15 Best Value Investing Books of All Time: Every Investor Must Read

Listed below are few of the best 15 Investing books of all time, which I believe every investor must read at least once in their lifetime.

Related: The importance of reading if you haven’t made a habit of it.

These books are listed in the order of how you can start reading them, but there’s no rule. Start with whichever you feel like. I re-read many of these randomly because there’s always something new to be learnt from the same old books. This is why I prefer carrying hard copies along with me so you can go through them again anytime. You can click on the title if you’d like to grab any of them.

1. The Intelligent Investor : The Definitive Book on Value Investing (Benjamin Graham)

A book that every investor must own written by Benjamin Graham, who grew up under extreme poverty, which motivated him to earn more money. He studied, started with a job, left the job, then started his own investing firm. After the market crash of 1929, he took leverage (debt, to magnify returns) assuming the market would go up but it went further down turning out to be America’s great depression and lost huge fortune for his clients.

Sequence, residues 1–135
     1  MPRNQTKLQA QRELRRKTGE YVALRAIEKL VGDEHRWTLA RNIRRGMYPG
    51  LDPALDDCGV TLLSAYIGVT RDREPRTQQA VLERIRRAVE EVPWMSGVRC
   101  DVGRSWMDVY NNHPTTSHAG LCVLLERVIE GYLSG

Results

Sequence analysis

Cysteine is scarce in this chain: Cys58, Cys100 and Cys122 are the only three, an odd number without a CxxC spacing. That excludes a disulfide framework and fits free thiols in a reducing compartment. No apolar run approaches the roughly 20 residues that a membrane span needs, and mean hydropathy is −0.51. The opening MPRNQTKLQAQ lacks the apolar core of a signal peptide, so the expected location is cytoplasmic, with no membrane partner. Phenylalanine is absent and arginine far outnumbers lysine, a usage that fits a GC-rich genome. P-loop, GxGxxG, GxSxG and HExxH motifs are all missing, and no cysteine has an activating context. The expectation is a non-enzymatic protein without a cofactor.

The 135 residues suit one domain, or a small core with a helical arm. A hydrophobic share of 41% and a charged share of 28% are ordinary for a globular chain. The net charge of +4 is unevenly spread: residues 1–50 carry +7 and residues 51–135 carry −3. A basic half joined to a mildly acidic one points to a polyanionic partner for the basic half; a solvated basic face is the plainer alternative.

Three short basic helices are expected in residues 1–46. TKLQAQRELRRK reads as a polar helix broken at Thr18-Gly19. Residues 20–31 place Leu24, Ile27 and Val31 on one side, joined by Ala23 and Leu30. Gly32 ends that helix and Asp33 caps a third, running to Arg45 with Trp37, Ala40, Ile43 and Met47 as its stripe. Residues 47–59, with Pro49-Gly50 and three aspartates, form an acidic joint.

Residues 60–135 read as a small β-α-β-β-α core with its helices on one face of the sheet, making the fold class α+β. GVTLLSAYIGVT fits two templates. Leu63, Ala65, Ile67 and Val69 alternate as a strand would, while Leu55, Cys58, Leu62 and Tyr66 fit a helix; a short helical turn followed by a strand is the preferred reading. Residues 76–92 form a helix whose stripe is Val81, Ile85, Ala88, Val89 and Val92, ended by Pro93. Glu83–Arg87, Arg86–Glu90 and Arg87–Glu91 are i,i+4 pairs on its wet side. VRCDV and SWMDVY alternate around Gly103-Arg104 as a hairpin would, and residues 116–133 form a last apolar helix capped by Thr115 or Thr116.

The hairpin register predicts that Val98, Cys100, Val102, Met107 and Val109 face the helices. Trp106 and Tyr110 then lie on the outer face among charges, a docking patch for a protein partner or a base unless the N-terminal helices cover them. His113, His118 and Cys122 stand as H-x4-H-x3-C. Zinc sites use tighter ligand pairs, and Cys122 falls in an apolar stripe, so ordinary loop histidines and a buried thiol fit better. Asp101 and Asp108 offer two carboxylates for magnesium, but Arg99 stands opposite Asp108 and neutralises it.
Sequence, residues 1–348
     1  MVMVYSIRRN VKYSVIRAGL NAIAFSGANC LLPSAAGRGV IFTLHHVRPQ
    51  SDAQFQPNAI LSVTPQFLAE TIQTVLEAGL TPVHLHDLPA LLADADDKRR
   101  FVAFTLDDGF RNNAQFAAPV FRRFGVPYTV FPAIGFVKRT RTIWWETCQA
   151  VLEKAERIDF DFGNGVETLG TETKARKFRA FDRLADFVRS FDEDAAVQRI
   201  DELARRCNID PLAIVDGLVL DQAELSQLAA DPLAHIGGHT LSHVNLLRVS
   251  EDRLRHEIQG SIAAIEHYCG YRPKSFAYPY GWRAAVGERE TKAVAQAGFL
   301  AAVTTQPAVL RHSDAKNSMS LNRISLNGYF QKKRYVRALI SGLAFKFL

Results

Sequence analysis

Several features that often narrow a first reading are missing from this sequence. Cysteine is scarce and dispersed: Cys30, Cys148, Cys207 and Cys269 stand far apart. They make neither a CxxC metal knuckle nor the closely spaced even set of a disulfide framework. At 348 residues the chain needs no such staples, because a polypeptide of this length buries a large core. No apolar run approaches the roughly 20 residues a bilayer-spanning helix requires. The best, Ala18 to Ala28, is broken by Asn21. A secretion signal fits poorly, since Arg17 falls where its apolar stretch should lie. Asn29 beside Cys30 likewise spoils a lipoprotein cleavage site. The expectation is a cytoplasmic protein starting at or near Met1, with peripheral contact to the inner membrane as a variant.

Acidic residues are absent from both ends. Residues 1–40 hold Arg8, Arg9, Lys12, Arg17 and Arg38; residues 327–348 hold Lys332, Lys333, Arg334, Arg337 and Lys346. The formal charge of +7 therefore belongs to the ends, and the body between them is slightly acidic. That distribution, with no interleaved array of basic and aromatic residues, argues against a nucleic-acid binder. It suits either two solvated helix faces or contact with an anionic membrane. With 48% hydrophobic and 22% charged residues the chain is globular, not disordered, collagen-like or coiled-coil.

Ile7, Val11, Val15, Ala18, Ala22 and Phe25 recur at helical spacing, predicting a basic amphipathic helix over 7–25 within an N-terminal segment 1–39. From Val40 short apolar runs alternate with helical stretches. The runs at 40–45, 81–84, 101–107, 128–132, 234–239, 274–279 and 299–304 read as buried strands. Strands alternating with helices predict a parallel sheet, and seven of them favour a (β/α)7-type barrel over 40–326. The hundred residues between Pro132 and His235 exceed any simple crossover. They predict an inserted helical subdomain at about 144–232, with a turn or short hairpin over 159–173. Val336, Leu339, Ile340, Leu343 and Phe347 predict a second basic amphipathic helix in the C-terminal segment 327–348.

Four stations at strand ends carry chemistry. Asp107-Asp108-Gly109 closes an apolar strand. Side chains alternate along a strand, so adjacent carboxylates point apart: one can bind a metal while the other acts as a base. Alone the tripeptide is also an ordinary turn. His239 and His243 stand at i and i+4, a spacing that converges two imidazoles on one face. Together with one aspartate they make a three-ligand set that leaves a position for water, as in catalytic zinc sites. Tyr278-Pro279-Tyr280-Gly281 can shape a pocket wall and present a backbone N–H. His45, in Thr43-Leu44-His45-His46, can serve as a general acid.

That is when he started focusing on value investing and wrote several books. This one is a classic masterpiece where he teaches us “value investing” and my favorite part of this book are the chapter 8 about Mr. Market and the market fluctuations and the chapter 20.

2. One Up On Wall Street: How To Use What You Already Know To Make Money In The Market (Peter Lynch)